[0036] On the basis of the results of the behavior assessment performed 24 weeks after the first haloperidol injection (i.e., baseline day), the haloperidol-treated rats were assigned to 10 subject-each treatment groups having an equal mean frequency of observed VCM episodes. One week later (i.e., test day), the groups reported on here were randomized to receive one intraperitoneal injection with either 0.5 ml PBS (vehicle) or 1.6 g/kg glycine in 0.5 ml PBS. Rats underwent a video recorded behavior assessment session 30-150 minutes following the injection. Two weeks after the test day (i.e., post-test day), the video recorded behavior assessment session was repeated in order to investigate longer-term effects of the experimental treatments.

[0037] Behavioral Observations and Statistics

[0038] Before experiments were started, the rats were handled and habituated to the behavior observation situation. During videotaping, the rats were kept in a clear perspex cage (1320.513.5 cm), equipped with mirrors allowing videotaping of the rat from all sides simultaneously. The behavior of the animals was videotaped for 5 minutes after a 1 minute adaptation period in the cage.

[0039] A trained observer, unaware of the treatment received by the rats, scored the behavior while watching the videotapes. A VCM episode was defined as a bout of vertical deflections of the lower jaw, which could be accompanied by contractions of the jaw musculature. Statistical analyses were performed using the STATISTICA software package (StatSoft Inc., USA). Student's t-test was used to assess the effects of chronic haloperidol treatment compared to placebo. Analysis of variance (ANOVA) with one between group factor (experimental drug treatment) and one repeated measures factor (baseline day vs. test day vs. post-treatment day) was performed to assess the effects of glycine. The statistical significance of interaction of the between group factor and the repeated measures factor is determined in the STATISTICA software package using the Rao R statistic and the F distribution. Post hoc Newman-Keuls tests were used for comparisons between treatments.

[0040] RESULTS

[0041] Effects of chronic haloperidol treatment on motor activity Rats that had received haloperidol for 24 weeks displayed an approximately 4-fold significantly higher number of VCM episodes than rats that had received placebo (t=3.29, df=47, p<0.001) indicating that chronic haloperidol administration induced spontaneous VCM. Furthermore, the number of rearing episodes was significantly lower in the haloperidol-treated group (t=5.2, df=47, p<0.0001). Moreover, mobility in general was significantly reduced in the haloperidol-treated rats. During a 5 minute observation interval, the mean time spend in immobility by the haloperidol-treated rats was 103.27.8 seconds, in contrast to 53.012.7 seconds spent in immobility by the rats that had received placebo (t=2.9, df=45, p<0.005). Overall, the number of grooming episodes did not differ between haloperidol-treated rats and controls (t=1.4, df=47, p<0.17).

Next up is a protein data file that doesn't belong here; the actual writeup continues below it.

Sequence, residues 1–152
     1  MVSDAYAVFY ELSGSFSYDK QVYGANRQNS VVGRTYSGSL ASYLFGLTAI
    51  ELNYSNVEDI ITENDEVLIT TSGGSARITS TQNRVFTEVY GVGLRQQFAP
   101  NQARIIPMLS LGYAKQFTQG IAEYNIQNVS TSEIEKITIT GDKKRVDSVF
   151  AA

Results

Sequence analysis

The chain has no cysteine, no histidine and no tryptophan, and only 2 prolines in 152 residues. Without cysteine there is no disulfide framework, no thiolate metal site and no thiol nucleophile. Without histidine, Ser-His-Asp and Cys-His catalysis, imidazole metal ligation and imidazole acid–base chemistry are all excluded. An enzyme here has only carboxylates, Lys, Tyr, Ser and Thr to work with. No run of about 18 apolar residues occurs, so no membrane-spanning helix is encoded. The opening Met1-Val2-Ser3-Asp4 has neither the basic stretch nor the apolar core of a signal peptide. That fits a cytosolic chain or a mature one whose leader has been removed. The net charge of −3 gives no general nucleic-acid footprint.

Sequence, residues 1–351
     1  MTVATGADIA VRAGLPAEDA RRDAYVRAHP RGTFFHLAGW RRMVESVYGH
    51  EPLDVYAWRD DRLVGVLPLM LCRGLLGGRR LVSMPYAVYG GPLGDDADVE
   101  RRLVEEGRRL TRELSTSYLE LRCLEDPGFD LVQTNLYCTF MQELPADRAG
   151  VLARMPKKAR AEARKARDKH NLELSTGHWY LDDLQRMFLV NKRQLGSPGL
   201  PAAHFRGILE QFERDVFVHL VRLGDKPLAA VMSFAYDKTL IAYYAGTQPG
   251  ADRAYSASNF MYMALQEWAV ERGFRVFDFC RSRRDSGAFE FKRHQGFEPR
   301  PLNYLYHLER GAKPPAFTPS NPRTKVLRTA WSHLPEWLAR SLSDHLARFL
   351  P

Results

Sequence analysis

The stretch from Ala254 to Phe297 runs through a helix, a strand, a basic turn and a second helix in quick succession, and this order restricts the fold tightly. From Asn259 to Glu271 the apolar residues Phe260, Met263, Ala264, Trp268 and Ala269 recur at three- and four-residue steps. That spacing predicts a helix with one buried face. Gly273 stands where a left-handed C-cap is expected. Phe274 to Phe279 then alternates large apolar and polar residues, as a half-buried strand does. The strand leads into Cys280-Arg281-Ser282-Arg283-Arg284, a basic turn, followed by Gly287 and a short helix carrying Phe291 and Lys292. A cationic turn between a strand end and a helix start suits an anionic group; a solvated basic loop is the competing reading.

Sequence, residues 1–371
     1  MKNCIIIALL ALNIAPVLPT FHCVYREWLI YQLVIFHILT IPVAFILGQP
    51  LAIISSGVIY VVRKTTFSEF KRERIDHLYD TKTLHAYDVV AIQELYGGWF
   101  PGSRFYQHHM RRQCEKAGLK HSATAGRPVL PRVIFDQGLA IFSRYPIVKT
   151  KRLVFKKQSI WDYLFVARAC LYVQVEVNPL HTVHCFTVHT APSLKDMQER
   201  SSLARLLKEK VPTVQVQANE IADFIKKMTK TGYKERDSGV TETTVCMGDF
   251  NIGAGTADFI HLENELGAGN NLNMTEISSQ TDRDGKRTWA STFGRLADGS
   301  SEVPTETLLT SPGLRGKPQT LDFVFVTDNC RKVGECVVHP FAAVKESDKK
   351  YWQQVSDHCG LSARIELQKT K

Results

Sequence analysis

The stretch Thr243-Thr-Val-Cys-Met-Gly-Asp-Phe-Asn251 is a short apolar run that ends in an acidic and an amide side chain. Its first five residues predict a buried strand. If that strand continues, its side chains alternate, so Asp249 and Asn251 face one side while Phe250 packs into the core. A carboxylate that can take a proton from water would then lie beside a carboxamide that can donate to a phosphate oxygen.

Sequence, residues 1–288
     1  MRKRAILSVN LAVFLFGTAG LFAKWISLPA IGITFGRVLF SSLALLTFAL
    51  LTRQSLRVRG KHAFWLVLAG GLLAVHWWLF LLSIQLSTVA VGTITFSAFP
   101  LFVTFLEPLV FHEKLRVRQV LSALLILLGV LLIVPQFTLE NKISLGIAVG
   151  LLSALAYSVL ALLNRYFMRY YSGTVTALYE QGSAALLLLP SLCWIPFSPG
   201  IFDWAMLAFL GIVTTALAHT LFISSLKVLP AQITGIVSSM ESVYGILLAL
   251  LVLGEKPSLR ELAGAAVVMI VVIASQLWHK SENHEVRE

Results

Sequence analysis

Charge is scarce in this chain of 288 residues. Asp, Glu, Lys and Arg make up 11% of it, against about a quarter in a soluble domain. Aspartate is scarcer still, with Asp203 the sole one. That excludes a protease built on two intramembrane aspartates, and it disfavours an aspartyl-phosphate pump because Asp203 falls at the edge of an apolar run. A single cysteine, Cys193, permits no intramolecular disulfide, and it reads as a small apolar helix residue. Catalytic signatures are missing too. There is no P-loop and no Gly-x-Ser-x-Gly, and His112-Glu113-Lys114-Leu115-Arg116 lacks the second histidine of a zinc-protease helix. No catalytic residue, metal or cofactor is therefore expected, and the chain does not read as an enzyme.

[0042] VCM measures were compared on test day between animals receiving vehicle injections and those receiving glycine. One way ANOVA with repeated measures revealed significant interaction of drug and observation day on VCM frequency with Rao R (6,64)=3.44, p<0.005). Post hoc comparisons of VCM frequency at baseline and following GLY administration at the test day further revealed that the administration of GLY resulted in a significant 82% reduction in the number of VCM episodes (p<0.001). Moreover, post hoc comparison of VCM frequencies in the placebo and glycine groups at test day indicated a significantly lower VCM frequency following glycine acute administration (p<0.01). The number of VCM in the glycine-treated groups at baseline and post-test day did not differ significantly (p<0.07), indicating that 2 weeks post-acute GLY administration, VCM levels returned to their previous, pre-experimental treatment levels. These findings, overall, support the clinical observation of decreased VCM following NMDAR agonist treatment.